Editors Pick

Sleeping while black.

My lord! Here we go again. Now black folks can't even sleep or study while black.Let's go to New Haven, Connecticut, and to the campus of one of the most Ivy of Ivies, Yale University."A white person voices suspicions about an innocuous person of color. Police are summoned. And the encounter is posted on social media, sparking outrage about racial profiling.In what is becoming an all-too familiar episode, a black Yale University graduate student was interrogated by campus police officers early Tuesday morning after a white student found her sleeping in a common room of their dorm and called police.The black student, Lolade Siyonbola, posted two videos of the encounter to Facebook, where they have been widely viewed and drawn thousands of comments."I deserve to be here. I pay tuition like everybody else," an annoyed Siyonbola told responding officers in one video after they asked for her ID. "I'm not going to justify my existence here."The incident is one of several in recent weeks in which police have been called on people of color for seemingly harmless acts. In one of the most recent, three black women were detained while leaving their California Airbnb after a neighbor called police, thinking they were burglars. Last month two black men were arrested at a Starbucks in Philadelphia after a manager called 911 on them because they didn't order anything. According to Siyonbola, she was working on a paper in the Hall of Graduate Studies when she fell asleep in a common room. Another female student came in, turned on the lights and told her, "You're not supposed to be sleeping here. I'm going to call the police."Siyonbola pulled out her phone and recorded 54 seconds of a hallway encounter with the unidentified student, who told her, "I have every right to call the police. You cannot sleep in that room." After two white police officers arrived and began questioning her in a stairwell, Siyonbola posted 17 minutes of their encounter to Facebook Live. When Siyonbola asked them about the complaint, one officer said, "She called us (and) said there's somebody who appeared they weren't ... where they were supposed to be."The 34-year-old grad student in African Studies unlocked her dorm-room door in front of police to show that she lived there, but they still asked for her ID. "We're in a Yale building and we need to make sure that you belong here," the other officer told her." [Watch here]"Jesus take the wheel." I want to blame this all on the trump effect, but let's be honest, this has been going on for a long time, and it will continue long after trump is gone. Although, granted, it has gotten worse under trump, and your typical racist next door certainly feels more empowered and emboldened enough to let their racism flag fly. *Pic from thegrio.com <!-- AddThis Feed Button BEGIN --> <!-- AddThis Feed Button END -->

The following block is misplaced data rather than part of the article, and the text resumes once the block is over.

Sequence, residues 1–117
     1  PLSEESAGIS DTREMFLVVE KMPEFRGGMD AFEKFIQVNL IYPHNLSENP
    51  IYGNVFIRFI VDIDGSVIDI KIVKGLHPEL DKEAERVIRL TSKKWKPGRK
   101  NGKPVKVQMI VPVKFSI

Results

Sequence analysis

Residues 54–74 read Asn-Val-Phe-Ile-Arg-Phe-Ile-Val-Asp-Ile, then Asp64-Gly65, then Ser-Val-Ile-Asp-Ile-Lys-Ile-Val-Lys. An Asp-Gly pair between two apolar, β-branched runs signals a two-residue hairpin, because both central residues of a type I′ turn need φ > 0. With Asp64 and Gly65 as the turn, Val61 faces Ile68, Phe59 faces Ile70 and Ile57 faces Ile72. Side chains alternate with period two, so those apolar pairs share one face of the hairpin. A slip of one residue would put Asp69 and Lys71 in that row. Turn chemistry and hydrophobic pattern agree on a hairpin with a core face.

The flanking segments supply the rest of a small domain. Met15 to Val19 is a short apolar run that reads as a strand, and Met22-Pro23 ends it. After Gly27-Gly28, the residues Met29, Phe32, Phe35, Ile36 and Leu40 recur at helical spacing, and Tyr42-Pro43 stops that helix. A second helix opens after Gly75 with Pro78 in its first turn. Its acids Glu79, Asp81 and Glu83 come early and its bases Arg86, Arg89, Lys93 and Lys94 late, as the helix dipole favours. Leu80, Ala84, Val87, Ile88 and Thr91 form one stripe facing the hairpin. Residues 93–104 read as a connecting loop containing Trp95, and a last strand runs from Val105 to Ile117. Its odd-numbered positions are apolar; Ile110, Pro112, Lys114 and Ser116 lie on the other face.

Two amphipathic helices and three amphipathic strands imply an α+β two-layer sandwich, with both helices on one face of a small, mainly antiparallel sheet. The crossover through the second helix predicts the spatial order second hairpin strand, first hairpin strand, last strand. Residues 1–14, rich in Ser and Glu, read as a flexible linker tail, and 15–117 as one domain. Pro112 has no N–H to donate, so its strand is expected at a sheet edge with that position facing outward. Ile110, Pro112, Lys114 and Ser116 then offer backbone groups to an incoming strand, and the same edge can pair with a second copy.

Image result for yale student sleeping imageMy lord! Here we go again. Now black folks can’t even sleep or study while black.

Let’s go to New Haven, Connecticut, and to the campus of one of the most Ivy of Ivies, Yale University.

“A white person voices suspicions about an innocuous person of color. Police are summoned. And the encounter is posted on social media, sparking outrage about racial profiling.
In what is becoming an all-too familiar episode, a black Yale University graduate student was interrogated by campus police officers early Tuesday morning after a white student found her sleeping in a common room of their dorm and called police.
The black student, Lolade Siyonbola, posted two videos of the encounter to Facebook, where they have been widely viewed and drawn thousands of comments.
“I deserve to be here. I pay tuition like everybody else,” an annoyed Siyonbola told responding officers in one video after they asked for her ID. “I’m not going to justify my existence here.”
    The incident is one of several in recent weeks in which police have been called on people of color for seemingly harmless acts. In one of the most recent, three black women were detained while leaving their California Airbnb after a neighbor called police, thinking they were burglars. Last month two black men were arrested at a Starbucks in Philadelphia after a manager called 911 on them because they didn’t order anything.
    According to Siyonbola, she was working on a paper in the Hall of Graduate Studies when she fell asleep in a common room. Another female student came in, turned on the lights and told her, “You’re not supposed to be sleeping here. I’m going to call the police.”
    Siyonbola pulled out her phone and recorded 54 seconds of a hallway encounter with the unidentified student, who told her, “I have every right to call the police. You cannot sleep in that room.”
    After two white police officers arrived and began questioning her in a stairwell, Siyonbola posted 17 minutes of their encounter to Facebook Live.
    When Siyonbola asked them about the complaint, one officer said, “She called us (and) said there’s somebody who appeared they weren’t … where they were supposed to be.”
    The 34-year-old grad student in African Studies unlocked her dorm-room door in front of police to show that she lived there, but they still asked for her ID. “We’re in a Yale building and we need to make sure that you belong here,” the other officer told her.” [Watch here]
    “Jesus take the wheel.”
    I want to blame this all on the trump effect, but let’s be honest, this has been going on for a long time, and it will continue long after trump is gone. Although, granted, it has gotten worse under trump, and your typical racist next door certainly feels more empowered and emboldened enough to let their racism flag fly.
    *Pic from thegrio.com

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    Sleeping while black.

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